Loading and Saving Data using Pandas

Loading Data

In data analysis, the first step is often to load data from various sources. Pandas offers a range of functions to facilitate this process, supporting formats such as CSV, Excel, SQL, JSON, and more. For data analysis, data can often come from CSV files, APIs, or databases.

Reading CSV Files

CSV (Comma-Separated Values) files are one of the most common data formats in data analysis.

In our data folder, we have a file named 'stocks.csv'. It contains daily stock prices data for 5 different stocks. We will load it into our Jupyter session using pandas' pd.read_csv method.

# Load stock data from a CSV file
stocks_df = pd.read_csv('../data/stocks.csv', parse_dates=['Date'], index_col='Date')

In this line of code, stocks.csv is the name of the file we’re reading from. The parse_dates parameter is used to specify which column should be parsed as a date, while index_col is used to set the date column as the index of the DataFrame, providing a time-series structure to the data.

We can now display this dataframe. The head() method in pandas displays the first few rows of a DataFrame. By default, it shows the first five rows, but you can specify a different number if needed within the brackets, like .head(10).

Reading from Excel

Excel files are another common source of data, particularly in finance. Pandas can read data from Excel with the read_excel function. We have some sample data containing a company’s financials for the past 10 years. This data is in an excel file. The below code shows how to load this data as a dataframe.

# Load financial data from an Excel file
financials_df = pd.read_excel('../data/company_financials_10_years.xlsx', sheet_name='Financials', parse_dates=['Date'])

In this example, we are loading data from an Excel file named 'company_financials_10_years.xlsx'. The specific sheet we're accessing in this file is titled 'Financials'. By using the parse_dates parameter with pandas, we instruct it to treat the 'Date' column as a series of date objects, ensuring proper handling of dates within our data. We can now see the loaded dataframe.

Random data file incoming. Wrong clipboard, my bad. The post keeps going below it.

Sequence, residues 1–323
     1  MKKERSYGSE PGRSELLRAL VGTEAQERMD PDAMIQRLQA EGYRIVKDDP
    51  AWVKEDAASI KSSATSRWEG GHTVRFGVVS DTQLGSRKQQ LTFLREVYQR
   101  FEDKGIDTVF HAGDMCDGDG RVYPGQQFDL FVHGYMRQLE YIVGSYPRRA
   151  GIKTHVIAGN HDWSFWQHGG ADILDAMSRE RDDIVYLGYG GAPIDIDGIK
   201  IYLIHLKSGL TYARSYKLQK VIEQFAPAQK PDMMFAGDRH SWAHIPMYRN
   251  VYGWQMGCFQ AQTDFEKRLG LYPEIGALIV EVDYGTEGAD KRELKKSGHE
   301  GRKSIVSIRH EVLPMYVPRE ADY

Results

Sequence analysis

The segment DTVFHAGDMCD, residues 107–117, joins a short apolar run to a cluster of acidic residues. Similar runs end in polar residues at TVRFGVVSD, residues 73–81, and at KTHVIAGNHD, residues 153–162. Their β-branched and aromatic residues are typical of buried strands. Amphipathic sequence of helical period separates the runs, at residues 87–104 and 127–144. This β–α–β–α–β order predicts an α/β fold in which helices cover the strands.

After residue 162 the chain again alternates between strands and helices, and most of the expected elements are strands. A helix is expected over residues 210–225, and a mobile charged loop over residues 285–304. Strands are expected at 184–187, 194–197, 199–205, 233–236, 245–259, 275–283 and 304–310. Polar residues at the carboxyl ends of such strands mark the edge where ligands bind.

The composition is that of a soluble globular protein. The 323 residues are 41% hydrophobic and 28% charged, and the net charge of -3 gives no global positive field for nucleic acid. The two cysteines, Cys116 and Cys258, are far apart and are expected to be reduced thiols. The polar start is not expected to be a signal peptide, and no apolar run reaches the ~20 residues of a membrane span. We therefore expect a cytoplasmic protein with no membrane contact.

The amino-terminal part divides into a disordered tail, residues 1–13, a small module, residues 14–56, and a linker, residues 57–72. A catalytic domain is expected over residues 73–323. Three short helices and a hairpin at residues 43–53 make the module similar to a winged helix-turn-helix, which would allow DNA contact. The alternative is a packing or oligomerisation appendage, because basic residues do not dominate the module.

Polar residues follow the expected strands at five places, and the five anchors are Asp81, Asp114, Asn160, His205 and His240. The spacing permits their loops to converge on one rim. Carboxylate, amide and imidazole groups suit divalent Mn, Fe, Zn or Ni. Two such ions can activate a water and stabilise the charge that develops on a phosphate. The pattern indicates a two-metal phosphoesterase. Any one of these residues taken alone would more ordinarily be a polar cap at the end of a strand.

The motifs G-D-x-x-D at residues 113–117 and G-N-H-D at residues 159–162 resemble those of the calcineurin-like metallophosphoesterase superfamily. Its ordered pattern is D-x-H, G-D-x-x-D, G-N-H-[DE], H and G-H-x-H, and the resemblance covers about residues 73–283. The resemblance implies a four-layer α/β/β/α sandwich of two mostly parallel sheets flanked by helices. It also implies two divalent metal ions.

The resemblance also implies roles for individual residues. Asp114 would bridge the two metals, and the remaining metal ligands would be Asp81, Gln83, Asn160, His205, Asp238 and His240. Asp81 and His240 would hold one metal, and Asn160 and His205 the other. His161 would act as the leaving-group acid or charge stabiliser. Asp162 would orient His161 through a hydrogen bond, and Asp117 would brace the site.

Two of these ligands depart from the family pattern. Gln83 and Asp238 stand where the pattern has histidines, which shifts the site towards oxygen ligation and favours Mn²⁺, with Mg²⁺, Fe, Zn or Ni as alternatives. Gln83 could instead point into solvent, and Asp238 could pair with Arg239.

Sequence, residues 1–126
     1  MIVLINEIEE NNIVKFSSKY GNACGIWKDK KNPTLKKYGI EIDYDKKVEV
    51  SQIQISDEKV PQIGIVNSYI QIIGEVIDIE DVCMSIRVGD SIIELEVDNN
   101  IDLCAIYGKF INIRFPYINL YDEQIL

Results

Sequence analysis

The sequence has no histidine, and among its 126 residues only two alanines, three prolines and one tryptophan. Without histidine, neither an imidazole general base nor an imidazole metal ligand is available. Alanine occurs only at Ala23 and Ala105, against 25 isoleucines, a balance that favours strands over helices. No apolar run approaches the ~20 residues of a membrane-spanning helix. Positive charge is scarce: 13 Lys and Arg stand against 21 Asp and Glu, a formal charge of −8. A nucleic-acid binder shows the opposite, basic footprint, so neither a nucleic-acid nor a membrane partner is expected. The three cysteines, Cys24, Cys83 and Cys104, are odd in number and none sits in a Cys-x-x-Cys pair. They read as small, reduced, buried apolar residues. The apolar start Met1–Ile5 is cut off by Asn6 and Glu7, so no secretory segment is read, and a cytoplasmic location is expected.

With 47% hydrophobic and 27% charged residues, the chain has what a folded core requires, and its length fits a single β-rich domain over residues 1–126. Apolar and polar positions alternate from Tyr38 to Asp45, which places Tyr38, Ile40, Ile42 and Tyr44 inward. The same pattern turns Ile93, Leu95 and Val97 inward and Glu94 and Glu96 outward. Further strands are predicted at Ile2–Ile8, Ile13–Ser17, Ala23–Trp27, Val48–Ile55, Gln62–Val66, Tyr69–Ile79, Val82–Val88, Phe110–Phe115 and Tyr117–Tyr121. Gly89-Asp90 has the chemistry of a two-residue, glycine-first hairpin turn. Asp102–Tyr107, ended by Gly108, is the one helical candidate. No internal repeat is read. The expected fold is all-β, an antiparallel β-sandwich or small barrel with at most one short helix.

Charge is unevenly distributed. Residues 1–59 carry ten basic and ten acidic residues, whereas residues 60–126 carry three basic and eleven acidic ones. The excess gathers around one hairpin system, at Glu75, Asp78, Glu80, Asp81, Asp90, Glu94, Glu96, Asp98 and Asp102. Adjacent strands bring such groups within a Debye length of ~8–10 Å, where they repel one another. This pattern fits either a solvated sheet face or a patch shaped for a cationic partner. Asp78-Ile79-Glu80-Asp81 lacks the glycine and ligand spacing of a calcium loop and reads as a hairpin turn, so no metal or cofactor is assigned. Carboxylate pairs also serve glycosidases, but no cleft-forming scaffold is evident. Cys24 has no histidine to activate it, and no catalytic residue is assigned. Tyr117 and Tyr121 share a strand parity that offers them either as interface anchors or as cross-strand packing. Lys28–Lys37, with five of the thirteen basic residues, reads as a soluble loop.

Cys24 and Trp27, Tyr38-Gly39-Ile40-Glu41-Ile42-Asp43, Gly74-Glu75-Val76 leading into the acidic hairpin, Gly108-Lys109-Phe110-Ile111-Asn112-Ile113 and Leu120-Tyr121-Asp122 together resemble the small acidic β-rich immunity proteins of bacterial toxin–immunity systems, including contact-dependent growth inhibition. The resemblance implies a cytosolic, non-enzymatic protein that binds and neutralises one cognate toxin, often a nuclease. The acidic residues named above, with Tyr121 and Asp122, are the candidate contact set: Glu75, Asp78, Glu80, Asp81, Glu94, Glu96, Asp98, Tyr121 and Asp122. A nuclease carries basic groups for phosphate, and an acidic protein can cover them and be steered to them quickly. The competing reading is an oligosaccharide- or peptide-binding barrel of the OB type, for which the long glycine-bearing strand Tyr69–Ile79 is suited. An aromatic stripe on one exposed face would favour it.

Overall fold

There are many advanced concepts while reading data from excel sheets, such as loading data from multiple sheets, loading data from sheets with complex data structures. We’ve provided some sample code below, however, we will practice these in the practice exercises.

Dealing with Multiple Sheets

Excel files often contain multiple sheets with related data. Pandas can handle this by either specifying a particular sheet name or by loading all sheets at once.

# Load a specific sheet
january_data = pd.read_excel('monthly_data.xlsx', sheet_name='January')

# Load all sheets into a dictionary of DataFrames
all_months_data = pd.read_excel('monthly_data.xlsx', sheet_name=None)

When sheet_name=None, pandas returns a dictionary where each key is a sheet name and each value is a DataFrame corresponding to a sheet.

Handling Complex Data Structures

Excel files can sometimes contain complex layouts, such as merged cells or headers spanning multiple rows. Pandas offers parameters like header, skiprows, and usecols to deal with such complexities. Some examples:

# Load a sheet with a header that spans two rows
complex_header_df = pd.read_excel('complex_layout.xlsx', header=[0, 1])

# Load a sheet while skipping the first two rows and using specific columns
specified_data = pd.read_excel('data_with_notes.xlsx', skiprows=2, usecols='A:C')

With these capabilities, you can customize how Pandas interprets the incoming data, ensuring that the DataFrame structure reflects the data's true layout and meaning. Note: The examples of multiple sheets and complex data structures are not presented in the Jupyter notebook. With our stock data and financial data loaded into Pandas, we'll now dive into the first steps of data analysis: exploration and summarization.

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